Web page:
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Q and As about Nusinersen’s availability in the UK

SMA Support UK has been asked many questions by families and invited the SMA Trust and Muscular Dystrophy UK to add any additional ones to the list. SMA Support UK then liaised with clinicians who had been involved with the clinical trials and with Biogen for accurate technical answers to the questions that required their input.

These are the responses we had in March 2017. We have continued to update answers. These Q and As were last updated on 2nd June 2017:
 

Q.1. Have all clinical trials for Nusinersen now stopped or is it still possible to enrol on any clinical trial for Nusinersen?

A. All clinical trials are advertised here. There are currently no trials recruiting for nusinersen. There is, however, an Expanded Access Programme in the UK for Nusinersen for children with SMA Type 1. For the latest information on this programme, please click here. On 13th April 2017 Biogen announced that it would not be extending this programme any further than SMA Type 1. You can read this announcement here

Q.2. We have heard about the Roche clinical trials (Firefish, for SMA Type 1 and Sunfish, for SMA Type 2 and 3). If we enrol our child in one of these trials, does that mean s/he won’t be able to access nusinersen through the EAP for SMA Type 1 or if it is approved for licensing in the UK ?

A. Answer

Q.3. Now that the European Commission has given approval for marketing for treatment for 5qSMA, which includes SMA Types 1, 2 and 3, will NICE and the rest of the UK follow?

A. The drug needs to be assessed for cost-effectiveness before it is made available in the NHS. The National Institute for Health and Care Excellence (NICE) is the body that conducts any such assessment in England; this guidance also applies in Northern Ireland. Wales does have its own process for determining cost-effectiveness through the All Wales Medicines Strategy Group but may follow the decisions made by NICE. Scotland has a separate appraisal process through its equivalent to NICE, the Scottish Medicines Consortium. You can read more about the NICE process here.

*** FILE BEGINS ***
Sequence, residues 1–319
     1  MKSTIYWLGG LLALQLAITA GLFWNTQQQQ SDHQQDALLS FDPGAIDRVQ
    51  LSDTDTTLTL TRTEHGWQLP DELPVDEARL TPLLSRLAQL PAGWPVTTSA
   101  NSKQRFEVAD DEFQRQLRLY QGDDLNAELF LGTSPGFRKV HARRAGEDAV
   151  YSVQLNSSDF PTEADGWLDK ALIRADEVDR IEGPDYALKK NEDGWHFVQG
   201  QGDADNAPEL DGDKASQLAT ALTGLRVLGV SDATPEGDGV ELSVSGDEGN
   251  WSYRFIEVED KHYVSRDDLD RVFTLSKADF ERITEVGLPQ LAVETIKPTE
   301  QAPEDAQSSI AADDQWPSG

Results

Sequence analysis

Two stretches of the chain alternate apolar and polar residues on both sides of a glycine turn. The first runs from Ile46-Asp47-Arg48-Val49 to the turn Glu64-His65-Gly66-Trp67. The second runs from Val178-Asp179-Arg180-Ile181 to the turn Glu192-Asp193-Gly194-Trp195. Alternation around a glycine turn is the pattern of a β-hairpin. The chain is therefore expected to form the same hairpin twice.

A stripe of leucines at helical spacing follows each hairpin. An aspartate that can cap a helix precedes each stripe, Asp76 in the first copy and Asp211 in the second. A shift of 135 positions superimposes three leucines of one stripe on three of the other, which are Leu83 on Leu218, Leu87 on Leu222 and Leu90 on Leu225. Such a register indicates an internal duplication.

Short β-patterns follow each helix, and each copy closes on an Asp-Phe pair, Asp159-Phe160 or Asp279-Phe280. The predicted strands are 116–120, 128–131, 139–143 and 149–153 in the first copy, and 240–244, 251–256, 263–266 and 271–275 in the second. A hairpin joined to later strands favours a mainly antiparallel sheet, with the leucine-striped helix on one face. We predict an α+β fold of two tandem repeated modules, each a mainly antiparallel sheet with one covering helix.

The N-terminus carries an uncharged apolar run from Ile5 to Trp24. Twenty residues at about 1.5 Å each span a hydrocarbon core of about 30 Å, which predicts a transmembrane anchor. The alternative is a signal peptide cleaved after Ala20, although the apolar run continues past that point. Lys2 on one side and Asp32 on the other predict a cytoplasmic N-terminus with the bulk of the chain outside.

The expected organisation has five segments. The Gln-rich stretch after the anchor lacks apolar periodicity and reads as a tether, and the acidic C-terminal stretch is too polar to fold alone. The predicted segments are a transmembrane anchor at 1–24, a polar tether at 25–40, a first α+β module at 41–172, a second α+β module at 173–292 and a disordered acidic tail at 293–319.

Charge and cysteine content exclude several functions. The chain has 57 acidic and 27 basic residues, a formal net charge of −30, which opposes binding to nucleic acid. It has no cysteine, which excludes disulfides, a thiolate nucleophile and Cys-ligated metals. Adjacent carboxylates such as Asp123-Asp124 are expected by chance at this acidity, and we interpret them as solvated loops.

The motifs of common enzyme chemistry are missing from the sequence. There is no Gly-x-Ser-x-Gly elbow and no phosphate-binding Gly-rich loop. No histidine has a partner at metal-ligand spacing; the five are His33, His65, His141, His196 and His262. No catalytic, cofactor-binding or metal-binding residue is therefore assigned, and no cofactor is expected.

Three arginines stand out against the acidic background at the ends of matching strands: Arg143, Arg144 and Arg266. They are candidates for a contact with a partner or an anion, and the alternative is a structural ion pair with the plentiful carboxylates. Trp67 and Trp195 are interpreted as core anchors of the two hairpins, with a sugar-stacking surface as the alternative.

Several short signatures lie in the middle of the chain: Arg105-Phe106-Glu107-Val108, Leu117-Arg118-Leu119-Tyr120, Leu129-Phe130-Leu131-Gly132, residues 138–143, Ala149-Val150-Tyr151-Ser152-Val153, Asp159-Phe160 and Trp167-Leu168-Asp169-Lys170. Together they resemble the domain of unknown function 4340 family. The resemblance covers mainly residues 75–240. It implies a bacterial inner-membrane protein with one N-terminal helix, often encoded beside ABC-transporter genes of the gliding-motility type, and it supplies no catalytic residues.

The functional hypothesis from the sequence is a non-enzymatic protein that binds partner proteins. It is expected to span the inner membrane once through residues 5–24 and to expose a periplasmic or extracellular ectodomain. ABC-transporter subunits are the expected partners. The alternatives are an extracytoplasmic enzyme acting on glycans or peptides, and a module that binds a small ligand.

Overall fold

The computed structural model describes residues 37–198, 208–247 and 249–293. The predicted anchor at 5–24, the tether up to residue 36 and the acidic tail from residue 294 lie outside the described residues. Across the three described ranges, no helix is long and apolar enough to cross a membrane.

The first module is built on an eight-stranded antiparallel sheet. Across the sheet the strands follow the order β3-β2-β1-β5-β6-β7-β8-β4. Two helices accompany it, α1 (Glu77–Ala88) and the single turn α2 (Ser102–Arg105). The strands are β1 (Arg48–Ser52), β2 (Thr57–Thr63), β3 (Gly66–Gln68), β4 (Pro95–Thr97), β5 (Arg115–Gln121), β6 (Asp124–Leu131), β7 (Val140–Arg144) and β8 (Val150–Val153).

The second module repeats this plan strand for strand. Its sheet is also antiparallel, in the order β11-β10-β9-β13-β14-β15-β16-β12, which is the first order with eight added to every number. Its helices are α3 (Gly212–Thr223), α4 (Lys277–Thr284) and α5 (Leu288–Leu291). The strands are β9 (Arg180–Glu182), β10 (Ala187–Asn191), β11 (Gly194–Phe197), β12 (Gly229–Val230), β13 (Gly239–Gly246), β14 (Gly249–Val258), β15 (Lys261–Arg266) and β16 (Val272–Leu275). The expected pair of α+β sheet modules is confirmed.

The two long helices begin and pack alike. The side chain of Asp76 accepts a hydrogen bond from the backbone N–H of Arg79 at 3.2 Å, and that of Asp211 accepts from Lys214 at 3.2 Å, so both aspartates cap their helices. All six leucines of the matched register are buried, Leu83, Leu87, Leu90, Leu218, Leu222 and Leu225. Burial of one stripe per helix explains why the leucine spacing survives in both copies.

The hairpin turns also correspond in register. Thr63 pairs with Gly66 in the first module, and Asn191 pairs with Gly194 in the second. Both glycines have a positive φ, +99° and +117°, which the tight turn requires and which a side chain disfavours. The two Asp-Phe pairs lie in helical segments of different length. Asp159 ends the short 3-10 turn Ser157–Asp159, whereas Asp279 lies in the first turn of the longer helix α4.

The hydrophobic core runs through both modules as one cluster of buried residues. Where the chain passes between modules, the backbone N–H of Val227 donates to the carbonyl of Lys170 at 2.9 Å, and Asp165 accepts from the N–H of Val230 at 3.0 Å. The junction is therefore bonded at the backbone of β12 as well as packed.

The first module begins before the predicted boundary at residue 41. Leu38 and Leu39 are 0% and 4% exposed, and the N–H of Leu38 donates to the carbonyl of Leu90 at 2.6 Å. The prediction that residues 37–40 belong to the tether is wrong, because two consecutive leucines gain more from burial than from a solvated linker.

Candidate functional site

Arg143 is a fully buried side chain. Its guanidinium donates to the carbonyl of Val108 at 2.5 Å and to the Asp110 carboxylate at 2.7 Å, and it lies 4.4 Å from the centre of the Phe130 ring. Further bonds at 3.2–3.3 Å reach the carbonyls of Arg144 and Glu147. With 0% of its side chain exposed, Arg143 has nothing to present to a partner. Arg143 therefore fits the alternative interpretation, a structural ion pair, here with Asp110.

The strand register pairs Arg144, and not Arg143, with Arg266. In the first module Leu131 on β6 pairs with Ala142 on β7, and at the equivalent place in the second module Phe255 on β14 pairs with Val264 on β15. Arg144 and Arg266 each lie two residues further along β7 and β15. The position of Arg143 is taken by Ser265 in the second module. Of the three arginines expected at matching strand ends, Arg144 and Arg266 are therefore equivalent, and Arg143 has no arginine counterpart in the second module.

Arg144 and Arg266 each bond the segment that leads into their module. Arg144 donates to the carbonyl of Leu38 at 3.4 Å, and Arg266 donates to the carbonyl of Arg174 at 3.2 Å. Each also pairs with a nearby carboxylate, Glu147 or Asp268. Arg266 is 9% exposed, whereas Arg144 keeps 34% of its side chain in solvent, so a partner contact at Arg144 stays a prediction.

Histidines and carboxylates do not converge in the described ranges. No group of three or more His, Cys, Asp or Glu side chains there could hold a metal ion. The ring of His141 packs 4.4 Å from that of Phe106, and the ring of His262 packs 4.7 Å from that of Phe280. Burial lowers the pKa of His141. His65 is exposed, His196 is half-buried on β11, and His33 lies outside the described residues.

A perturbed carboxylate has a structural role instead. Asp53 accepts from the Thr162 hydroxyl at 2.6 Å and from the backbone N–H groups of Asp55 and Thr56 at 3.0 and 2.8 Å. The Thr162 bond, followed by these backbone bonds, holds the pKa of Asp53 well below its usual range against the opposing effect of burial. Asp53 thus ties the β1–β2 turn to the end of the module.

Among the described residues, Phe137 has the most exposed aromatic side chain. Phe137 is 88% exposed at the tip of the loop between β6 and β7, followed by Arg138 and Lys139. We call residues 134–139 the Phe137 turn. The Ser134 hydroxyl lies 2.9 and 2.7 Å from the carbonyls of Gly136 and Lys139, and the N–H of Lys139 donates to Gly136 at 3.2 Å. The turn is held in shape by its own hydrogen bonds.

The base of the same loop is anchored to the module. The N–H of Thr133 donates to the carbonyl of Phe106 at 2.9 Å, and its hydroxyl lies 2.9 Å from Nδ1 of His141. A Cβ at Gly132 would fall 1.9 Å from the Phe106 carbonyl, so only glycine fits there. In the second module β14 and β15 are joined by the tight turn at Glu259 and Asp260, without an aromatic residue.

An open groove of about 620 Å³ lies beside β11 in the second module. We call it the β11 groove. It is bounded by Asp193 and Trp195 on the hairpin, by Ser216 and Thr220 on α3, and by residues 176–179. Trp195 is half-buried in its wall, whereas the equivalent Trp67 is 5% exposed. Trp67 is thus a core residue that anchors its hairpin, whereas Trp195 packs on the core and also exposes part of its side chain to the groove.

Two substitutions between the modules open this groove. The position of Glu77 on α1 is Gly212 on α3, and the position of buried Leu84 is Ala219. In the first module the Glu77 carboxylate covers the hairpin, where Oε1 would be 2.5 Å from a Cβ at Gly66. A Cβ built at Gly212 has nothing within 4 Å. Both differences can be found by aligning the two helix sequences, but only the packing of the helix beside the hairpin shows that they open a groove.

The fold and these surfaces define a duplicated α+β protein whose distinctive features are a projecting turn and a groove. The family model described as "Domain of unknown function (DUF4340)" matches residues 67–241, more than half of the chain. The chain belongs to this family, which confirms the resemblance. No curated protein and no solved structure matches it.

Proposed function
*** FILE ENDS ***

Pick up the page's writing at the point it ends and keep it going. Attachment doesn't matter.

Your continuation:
Q.4. How long will it take from now to the point when it can be accessed in the UK?

A. Answer

Q.5. How will the UK price be determined? Could it be too expensive for the NHS to fund?

A. Answer

Q.6. What are the eligibility criteria for getting nusinersen in the UK going to be?  For example, will it be for all 5q SMA? Will there be lower or upper age limits?

A. At the moment, no-one knows the answer to this. The European Commission decision to grant marketing authorisation for 5qSMA, which includes SMA Types 1, 2 and 3, gives an indication of potential prescription criteria. However, NICE could further limit eligibility based on cost criteria. What NICE can’t do is expand the criteria once they are set by EMA.

Q.7. Will it be available to anyone with any type of SMA, including Types 3 or 4?

A. Answer

Q.8. What Centres will offer it? Will it be restricted to certain Centres or more widely available?

A. By the time a decision has been made about whether the drug is going to be made available in the UK, there are likely to be Centres across the country that are, under the Expanded Access Programme, offering the treatment to children with SMA Type 1. These Centres would have experience of administration of the treatment.

It is likely that, if NICE does assess the treatment, they will express an opinion as to whether it’s administration should be restricted to certain Centres.

Importantly, we have been urging, and will continue to urge, NHS England and NICE to adopt commissioning frameworks that allow for equitable access based on clinical eligibility not on a postcode lottery which is dependent on where someone lives. 

Q.9. If nusinersen gains approval for reimbursement in the UK but my local health authority won’t pay for me / my child to have nusinersen, what can I do? Could I move to an area where they are paying for it?

A. If the treatment were to be finally agreed and provided as one that is highly specialised, it would be commissioned nationally by the specialist clinical commissioning group (SCCG). Your local area would not be paying for it. There may though be other criteria for access. It is too early to answer this question in any really helpful way. 

Q.10. Now it's licensed by the European Commission, will I be able to access it privately? 

A. Answer